NSPARC researchers present at Reno conference

A team of Mississippi State researchers presented research at the Association for Science Teacher Education international meeting in Reno, Nev., last week [Jan. 7-9]. The four presentations included studies produced by National Strategic Planning and Analysis Research Center (NSPARC), an MSU interdisciplinary research center that uses smart data, analytical techniques and advanced technology to develop innovative solutions, often for policymakers and state government.

“Our research focuses on science education or curriculum and science educators/teachers and how both are influenced by testing, standards and other accountability measures,” said Ryan Walker, NSPARC faculty fellow and assistant professor in the Department of Curriculum, Instruction, and Special Education at MSU.

Walker attended the conference with NSPARC researchers Christina Hillesheim, Aressa Coley and Gabe Posadas, along with other MSU presenters. He supervised the research cited in the presentations. The three presentations included:

-- Connecting Secondary Education to the Job Market in Mississippi: Establishing True Measures of College and Career Readiness.

-- Implications of Degree Modifications and an Innovative Science Artifacts Portfolio in a Secondary Education Program: Phase 2.

-- The Impact of High-Stakes Testing on Biology Curriculum: An Assessment of Student Level Data from the State Longitudinal Data System.

“Our work at ASTE is bridging the gap between the work we do at NSPARC and academia,” said Coley, who authored one presentation. “We are closing the distance between theoretical and applied research in science education.”

Coley said her study used publicly-available data from Mississippi LifeTracks, Mississippi’s State Longitudinal Data System (SLDS), to examine how the inclusion of inquiry in biology impacts student performance in both related assessments and the delivery of curriculum.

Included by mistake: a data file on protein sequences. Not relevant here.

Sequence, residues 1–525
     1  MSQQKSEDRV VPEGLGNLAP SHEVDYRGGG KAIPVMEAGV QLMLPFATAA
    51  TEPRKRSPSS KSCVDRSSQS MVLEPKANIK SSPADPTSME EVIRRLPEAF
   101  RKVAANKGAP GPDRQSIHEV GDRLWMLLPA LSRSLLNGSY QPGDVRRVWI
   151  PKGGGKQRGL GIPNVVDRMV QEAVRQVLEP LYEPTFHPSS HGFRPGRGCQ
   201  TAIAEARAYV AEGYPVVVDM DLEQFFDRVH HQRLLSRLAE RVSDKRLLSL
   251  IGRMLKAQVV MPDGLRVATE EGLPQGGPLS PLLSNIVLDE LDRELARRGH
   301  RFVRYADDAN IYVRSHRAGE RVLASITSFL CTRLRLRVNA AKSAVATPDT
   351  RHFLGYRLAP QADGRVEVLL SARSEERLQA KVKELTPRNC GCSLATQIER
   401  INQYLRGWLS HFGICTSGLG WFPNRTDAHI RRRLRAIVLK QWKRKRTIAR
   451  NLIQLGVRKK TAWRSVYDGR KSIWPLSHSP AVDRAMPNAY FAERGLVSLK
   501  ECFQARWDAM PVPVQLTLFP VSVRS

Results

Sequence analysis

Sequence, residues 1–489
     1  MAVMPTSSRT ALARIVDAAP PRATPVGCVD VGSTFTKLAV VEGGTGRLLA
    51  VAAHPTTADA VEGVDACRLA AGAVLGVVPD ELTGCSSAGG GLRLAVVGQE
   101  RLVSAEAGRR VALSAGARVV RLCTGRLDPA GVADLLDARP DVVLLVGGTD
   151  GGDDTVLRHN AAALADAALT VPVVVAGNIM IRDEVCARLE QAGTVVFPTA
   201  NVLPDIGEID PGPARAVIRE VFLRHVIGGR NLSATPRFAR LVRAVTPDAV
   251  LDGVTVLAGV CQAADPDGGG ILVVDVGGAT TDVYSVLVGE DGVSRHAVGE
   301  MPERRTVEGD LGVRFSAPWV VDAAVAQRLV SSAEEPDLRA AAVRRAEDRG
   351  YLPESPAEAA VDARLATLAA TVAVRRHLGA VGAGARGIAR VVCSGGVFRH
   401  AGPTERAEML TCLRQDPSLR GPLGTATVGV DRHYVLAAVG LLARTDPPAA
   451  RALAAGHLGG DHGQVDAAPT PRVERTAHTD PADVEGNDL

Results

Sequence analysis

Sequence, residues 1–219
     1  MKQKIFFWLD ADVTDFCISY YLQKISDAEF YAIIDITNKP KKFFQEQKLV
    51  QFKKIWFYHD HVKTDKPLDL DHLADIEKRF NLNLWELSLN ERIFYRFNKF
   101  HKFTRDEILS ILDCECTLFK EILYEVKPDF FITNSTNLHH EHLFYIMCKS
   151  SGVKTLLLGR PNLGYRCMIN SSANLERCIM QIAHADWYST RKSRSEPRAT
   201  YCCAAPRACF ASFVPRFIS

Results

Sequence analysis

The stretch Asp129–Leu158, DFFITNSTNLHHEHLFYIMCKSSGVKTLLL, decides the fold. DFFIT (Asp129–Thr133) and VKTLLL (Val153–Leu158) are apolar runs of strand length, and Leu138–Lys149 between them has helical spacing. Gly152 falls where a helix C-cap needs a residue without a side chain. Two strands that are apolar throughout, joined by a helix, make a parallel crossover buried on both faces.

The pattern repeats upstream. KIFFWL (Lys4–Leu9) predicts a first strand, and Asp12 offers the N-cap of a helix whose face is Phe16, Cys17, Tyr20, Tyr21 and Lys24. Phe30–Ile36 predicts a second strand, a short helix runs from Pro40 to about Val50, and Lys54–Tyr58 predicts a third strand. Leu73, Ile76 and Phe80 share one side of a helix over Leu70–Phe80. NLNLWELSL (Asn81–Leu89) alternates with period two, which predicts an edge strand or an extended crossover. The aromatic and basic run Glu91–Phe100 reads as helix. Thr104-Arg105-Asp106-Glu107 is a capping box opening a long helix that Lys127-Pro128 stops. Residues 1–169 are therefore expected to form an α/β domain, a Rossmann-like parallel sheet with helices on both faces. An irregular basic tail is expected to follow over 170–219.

“Longitudinal data from the SLDS, in conjunction with qualitative data collection and analysis from our teachers, administrators, district, and state-level staff, can be used to develop a feedback mechanism to allow for continuous evaluation and fine-tuning of our education system,” said Coley. “It can better inform educational policy decisions to help our students and promote scientific literacy within our state.”

Hillesheim’s presentation also used the SLDS’s publicly-available data to address the current workforce demand and observed outcomes for students exiting secondary education in Mississippi.

“Understanding the link between the state’s secondary education system and the workforce will allow policymakers to make informed decisions about both objectives and measures of accountability in the curriculum,” said Hillesheim.

“Mississippi’s SLDS is a robust, important tool to help researchers better understand education outcomes, both intended and unanticipated,” said Walker. “NSPARC offers us the opportunity to do research using publicly-available data from the SLDS that will result in more information being available to both educators and policymakers. Our results will help them better plan to educate students for the college or career. It will also benefit the current workforce by offering individuals educational pathways for new training and new jobs.”

For more about NSPARC, please visit www.nsparc.msstate.edu. Walker may be reached at 662-325-9242.

MSU is Mississippi’s leading university, available online at www.msstate.edu.

Carol Gifford | NSPARC

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